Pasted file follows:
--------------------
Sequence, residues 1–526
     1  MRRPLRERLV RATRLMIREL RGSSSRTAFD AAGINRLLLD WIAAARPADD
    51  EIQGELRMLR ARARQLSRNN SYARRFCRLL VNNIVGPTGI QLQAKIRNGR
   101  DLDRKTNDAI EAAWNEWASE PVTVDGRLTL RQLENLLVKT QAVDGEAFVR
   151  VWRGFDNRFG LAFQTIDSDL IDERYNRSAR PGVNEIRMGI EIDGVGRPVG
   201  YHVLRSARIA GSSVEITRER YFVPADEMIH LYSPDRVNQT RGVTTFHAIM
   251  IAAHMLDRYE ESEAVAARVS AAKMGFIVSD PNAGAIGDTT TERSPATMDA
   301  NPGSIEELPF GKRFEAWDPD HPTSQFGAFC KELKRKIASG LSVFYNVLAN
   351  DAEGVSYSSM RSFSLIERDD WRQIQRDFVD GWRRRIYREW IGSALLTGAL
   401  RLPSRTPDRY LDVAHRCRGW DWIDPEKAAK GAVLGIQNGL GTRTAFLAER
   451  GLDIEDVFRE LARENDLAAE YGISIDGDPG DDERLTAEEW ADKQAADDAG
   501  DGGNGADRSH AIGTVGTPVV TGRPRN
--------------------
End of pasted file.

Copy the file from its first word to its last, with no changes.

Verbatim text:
Sequence, residues 1–526
     1  MRRPLRERLV RATRLMIREL RGSSSRTAFD AAGINRLLLD WIAAARPADD
    51  EIQGELRMLR ARARQLSRNN SYARRFCRLL VNNIVGPTGI QLQAKIRNGR
   101  DLDRKTNDAI EAAWNEWASE PVTVDGRLTL RQLENLLVKT QAVDGEAFVR
   151  VWRGFDNRFG LAFQTIDSDL IDERYNRSAR PGVNEIRMGI EIDGVGRPVG
   201  YHVLRSARIA GSSVEITRER YFVPADEMIH LYSPDRVNQT RGVTTFHAIM
   251  IAAHMLDRYE ESEAVAARVS AAKMGFIVSD PNAGAIGDTT TERSPATMDA
   301  NPGSIEELPF GKRFEAWDPD HPTSQFGAFC KELKRKIASG LSVFYNVLAN
   351  DAEGVSYSSM RSFSLIERDD WRQIQRDFVD GWRRRIYREW IGSALLTGAL
   401  RLPSRTPDRY LDVAHRCRGW DWIDPEKAAK GAVLGIQNGL GTRTAFLAER
   451  GLDIEDVFRE LARENDLAAE YGISIDGDPG DDERLTAEEW ADKQAADDAG
   501  DGGNGADRSH AIGTVGTPVV TGRPRN